\[34.3m/s = 9.8 m/s _ (9.8m/s^{2})t = 2.5s\]

Now that we have the time for the second coconut to travel the 60 m, we can find its initial velocity from \(x-x_{0}=v_{2o}t + (½)at^{2}\) where t is the total time for the second coconut.

\[60m = v_{2o}(2.5s) + (4.9m/s^{2}(2.5s)^{2} =11.75m/s\]

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**Example 8**

A boat is passing under a bridge. The deck of the boat is 15 m below the bridge. A small package is to be dropped from the bridge onto the deck of the boat when the boat is 25 m from just below the drop point. What boat speed is necessary to have the package land in the boat?

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Calculate the time for the package to fall the 15.0 m using \(x-x_{0} = v_{o}t+(½)at^{2}\)

\[15m = (4.9m/s^{2})t^{2} = 1.7s\]

The boat must move forward at 25 m/ 1.7s = 14 m/s.

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**Example 9**

You are observing steel balls falling at a constant velocity in a liquid filled tank. The window you are using is 1m high, and the bottom of the window is 12m from the bottom of the tank. You observe a ball falling past the window taking 3.0s to pass the window. Calculate the time required to reach the bottom of the tank after the ball has reached the bottom of the window.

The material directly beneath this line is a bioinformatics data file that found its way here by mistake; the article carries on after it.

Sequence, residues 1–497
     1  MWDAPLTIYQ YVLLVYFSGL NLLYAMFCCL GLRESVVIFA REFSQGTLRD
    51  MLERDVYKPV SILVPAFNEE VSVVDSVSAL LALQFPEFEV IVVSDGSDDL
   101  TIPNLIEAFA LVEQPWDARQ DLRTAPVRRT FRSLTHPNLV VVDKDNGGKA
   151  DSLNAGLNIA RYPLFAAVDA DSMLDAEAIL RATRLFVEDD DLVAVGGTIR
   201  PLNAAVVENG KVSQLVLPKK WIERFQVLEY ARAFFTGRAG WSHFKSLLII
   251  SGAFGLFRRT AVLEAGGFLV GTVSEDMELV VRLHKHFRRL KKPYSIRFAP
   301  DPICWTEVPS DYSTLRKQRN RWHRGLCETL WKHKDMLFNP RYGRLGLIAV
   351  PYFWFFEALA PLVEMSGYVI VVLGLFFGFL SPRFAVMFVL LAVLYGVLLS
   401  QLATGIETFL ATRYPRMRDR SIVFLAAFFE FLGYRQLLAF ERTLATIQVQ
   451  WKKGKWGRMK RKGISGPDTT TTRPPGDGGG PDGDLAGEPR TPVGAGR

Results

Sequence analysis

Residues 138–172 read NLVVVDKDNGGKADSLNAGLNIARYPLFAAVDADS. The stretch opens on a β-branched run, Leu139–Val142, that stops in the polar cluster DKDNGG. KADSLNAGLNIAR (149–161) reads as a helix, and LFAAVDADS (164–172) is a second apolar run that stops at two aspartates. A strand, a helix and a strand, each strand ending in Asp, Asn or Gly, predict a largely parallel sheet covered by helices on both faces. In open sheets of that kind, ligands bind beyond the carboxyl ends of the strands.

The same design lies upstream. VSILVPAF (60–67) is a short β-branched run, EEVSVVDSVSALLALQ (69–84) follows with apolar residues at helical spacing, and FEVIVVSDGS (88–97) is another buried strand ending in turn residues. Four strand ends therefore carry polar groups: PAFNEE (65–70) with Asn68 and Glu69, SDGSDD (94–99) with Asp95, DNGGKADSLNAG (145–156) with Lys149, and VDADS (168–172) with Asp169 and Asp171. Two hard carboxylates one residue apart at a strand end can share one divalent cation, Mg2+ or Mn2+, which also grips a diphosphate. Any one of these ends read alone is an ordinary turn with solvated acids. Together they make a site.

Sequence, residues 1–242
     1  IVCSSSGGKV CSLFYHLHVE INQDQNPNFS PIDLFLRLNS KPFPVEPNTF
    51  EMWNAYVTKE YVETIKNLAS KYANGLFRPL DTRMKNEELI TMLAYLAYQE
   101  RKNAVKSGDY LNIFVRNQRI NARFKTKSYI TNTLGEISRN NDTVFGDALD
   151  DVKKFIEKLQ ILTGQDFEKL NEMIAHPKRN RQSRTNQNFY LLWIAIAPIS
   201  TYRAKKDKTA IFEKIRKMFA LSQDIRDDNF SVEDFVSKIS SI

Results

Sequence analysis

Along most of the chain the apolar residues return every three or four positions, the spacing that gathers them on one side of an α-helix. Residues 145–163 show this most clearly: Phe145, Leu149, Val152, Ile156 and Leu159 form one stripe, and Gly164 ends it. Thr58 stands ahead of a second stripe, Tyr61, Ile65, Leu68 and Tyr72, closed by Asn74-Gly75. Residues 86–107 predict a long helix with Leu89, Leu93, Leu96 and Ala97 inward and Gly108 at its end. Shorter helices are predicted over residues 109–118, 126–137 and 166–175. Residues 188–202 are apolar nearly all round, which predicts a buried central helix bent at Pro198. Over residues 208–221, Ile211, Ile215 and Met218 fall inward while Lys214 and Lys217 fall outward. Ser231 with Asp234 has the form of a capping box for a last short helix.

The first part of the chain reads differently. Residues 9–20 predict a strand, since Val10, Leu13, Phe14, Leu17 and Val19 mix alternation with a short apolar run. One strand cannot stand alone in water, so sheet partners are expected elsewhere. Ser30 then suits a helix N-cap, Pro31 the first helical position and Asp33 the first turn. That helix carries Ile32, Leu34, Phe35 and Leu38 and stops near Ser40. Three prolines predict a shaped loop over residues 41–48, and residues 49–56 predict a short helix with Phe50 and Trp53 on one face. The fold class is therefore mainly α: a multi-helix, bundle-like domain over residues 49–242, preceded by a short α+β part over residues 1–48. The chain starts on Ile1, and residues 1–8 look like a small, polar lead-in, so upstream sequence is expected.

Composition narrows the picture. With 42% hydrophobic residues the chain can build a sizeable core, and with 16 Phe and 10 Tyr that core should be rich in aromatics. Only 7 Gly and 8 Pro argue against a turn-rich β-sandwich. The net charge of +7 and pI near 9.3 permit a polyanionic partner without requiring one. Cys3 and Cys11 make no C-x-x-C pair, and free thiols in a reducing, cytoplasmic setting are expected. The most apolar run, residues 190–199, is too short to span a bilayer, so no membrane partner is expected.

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The observed velocity is \(1.0m/3.0s so 12 m = (1.0m/3.0st = 36s\)

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**Example 10**

In a situation similar to the last example, the tank is filled with a different liquid, causing the acceleration in the tank to be \(6.0 m/s^{2}\) and the time to traverse the window .40 s. Calculate the height of the liquid above the window, the time to reach the bottom of the tank, and the velocity of the ball when it reaches the bottom of the tank.

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From the data about the window, calculate the velocity of the ball at the top of the window.

\[x-x_{o} = v_{t}t + (½)at^{2}\]

\[1.0m = v_{t}(.40s) + (3.0m/s^{2})(.40s)^{2} = 1.3m/s\]

The velocity at the bottom of the window is from:

\[v_{b}^{2} = v_{t}^{2} + 2a(x-x_{o}) = (1.3m/s)^{2} + 2(6.0m/s^{2})1.0m = 3.7m/s\]

The time to reach the bottom of the tank is from \(x-x_{o} = v_{b}t + (½)at^{2}\)